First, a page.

FILE PHOTO: A worker sells subsidized food commodities at a government-run supermarket in Cairo, Egypt, February 14, 2016. REUTERS/Mohamed Abd El Ghany
March 28, 2019
By Nadine Awadalla
CAIRO (Reuters) – Many of the Egyptians crammed into a tent in a Cairo suburb have been told they are about to be kicked off the government’s food subsidy program because they are too wealthy.
The reason may be a good job, a newish car, a big phone or electricity bill or expensive school fees.
Some people have traveled across the country to reach the tent – the only place where they have the opportunity to convince officials in person that there has been a mistake.
If they fail, they will no longer be able to use a smart card that gives them access to subsidized rice, pasta and other food staples.
Pensioner Gamal Abdel Shakour, one of hundreds of people gathered in and around the tent during a recent visit by Reuters, said he’d been wrongly identified as spending more than 800 Egyptian pounds on his monthly phone bill.
“How can I be spending more than 800 pounds on my cellphone when my entire pension is roughly 650 pounds? Am I not going to eat?” said Shakour.
Changes to food support are highly sensitive in Egypt, where a decision to cut bread subsidies led to deadly riots across the country in 1977.
The latest effort to reform the 86 billion Egyptian pounds ($4.95 billion) a year food subsidy program does not touch bread, the country’s most important staple, and so far has only targeted one section of society – the better off.
President Abdel Fattah al-Sisi has also cracked down on dissent, including public gatherings, making a repeat of the events more than 40 years ago unlikely.
But complaints over the implementation of the scheme are an early sign that Sisi’s bid to rein in generous state subsidies used by more than 60 million Egyptians may not be easy.
The officials involved in the latest reforms relocated from an office in a smarter part of the capital after the crowds made locals nervous.
The changes to the subsidy program that caused bread riots in 1977 were agreed as part of former President Anwar Sadat’s IMF loan deal. Sisi’s government has also turned to the IMF. In 2016, it signed a $12 billion loan.
The lender has specified that food subsidies should only reach those most in need. The loan program also involved raising fuel and electricity prices and a currency float.
This has contributed to soaring inflation that has eroded consumer spending power. Cheap food has helped ease the pain.
“With another round of steep energy subsidy cuts to be implemented this summer, the authorities would be mindful of not going overboard and risking food or hunger riots,” Naeem Brokerage head of research Allen Sandeep said.
The government has said there will be two more phases of the subsidy card reform, but it has not said who will be targeted.
CHAIRMEN AND GENERALS
The supply ministry made the first phase of changes to the program in November when it removed people who were dead or living overseas and then said in February its next target would be those with higher incomes.
“We’re talking about board chairmen, board members, head judges and generals, people like that,” Supply Minister Ali al- Moselhy told Reuters.
The holders of around 400,000 subsidy cards received the notice at the bottom of their food receipts in March to say they would be removed from the program in April, a spokesman for the ministry said.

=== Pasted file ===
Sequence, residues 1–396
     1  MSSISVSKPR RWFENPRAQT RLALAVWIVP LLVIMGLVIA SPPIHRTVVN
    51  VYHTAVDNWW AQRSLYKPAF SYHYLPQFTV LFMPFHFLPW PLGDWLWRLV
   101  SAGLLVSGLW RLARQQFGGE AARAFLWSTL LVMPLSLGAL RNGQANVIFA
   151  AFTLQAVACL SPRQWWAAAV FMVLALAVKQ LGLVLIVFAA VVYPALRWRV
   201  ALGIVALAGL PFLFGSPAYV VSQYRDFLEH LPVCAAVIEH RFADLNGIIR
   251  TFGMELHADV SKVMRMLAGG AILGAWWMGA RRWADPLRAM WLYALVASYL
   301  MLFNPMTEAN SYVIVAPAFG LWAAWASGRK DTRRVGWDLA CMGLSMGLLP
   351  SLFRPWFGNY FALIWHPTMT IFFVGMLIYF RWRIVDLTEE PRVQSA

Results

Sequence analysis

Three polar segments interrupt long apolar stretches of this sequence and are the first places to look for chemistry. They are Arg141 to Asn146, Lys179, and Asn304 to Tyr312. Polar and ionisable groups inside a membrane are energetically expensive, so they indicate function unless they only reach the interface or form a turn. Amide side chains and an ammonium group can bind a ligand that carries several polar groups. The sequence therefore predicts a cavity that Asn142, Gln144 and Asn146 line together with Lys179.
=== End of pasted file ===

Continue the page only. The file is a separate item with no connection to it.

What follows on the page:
Along with the 800-pound cellphone bill limit, anyone who spends 30,000 Egyptian pounds ($1,727.12) per child on school fees annually, uses an average of 650 KW of electricity per month, drives a car made in 2014 or later or has a high-paying job, would be automatically removed.
The ministry said it would accept complaints until the middle of April and they should be filed online. Many people were so worried that they wanted to do it in person instead.
“I don’t even have an electricity meter, how did they know my name and remove me for electricity consumption?” said Mahmoud Hassan, an older man from Cairo in the tent.
One woman in the queue that snaked around the outer wall was complaining about Sisi’s policies.
“Instead of spending his money on the poor, he keeps spending it on his men,” she said.
“They keep spending until the people will come and beat them with their shoes.”
“MORE NEEDY PEOPLE”
Sisi came to power after ousting former Islamist president Mohamed Mursi in 2013.
He hoped to repair the business environment and attract money back to Egypt after a 2011 uprising and the political turmoil that followed drove investors and tourists away.
The three-year IMF loan, which will be completed in the second half of 2019, unlocked badly needed funds that were tied to strict economic reforms.
While the government has yet to spell out the next phases of the food subsidy reform, the IMF has stressed that it should be aimed at helping the less well off.
“The food subsidy program remains poorly targeted and inefficient,” IMF staff wrote in a regular review of Egypt’s economy in January last year.
“Improving targeting could free up resources and reduce poverty among the low and middle income groups.”
The government has also been careful to say that the reforms are not aimed at shrinking the food subsidy bill, rather at targeting those most in need.
“We are here to provide social justice and social peace … We have to maintain our subsidy budget and manage it in a precise manner and to tell people, ‘please there are real needs for people who are more needy’,” Moselhy said on television.
Despite the complaints in the Cairo suburb, some poorer Egyptians support the food subsidy move. In a working class district of Cairo, one middle-aged woman was shopping for cooking oil.
“It was the first time I’ve heard… that there are people who can spend 30,000 pounds on school fees,” she said.
“What do they need our subsidy for?”
(Editing by Anna Willard)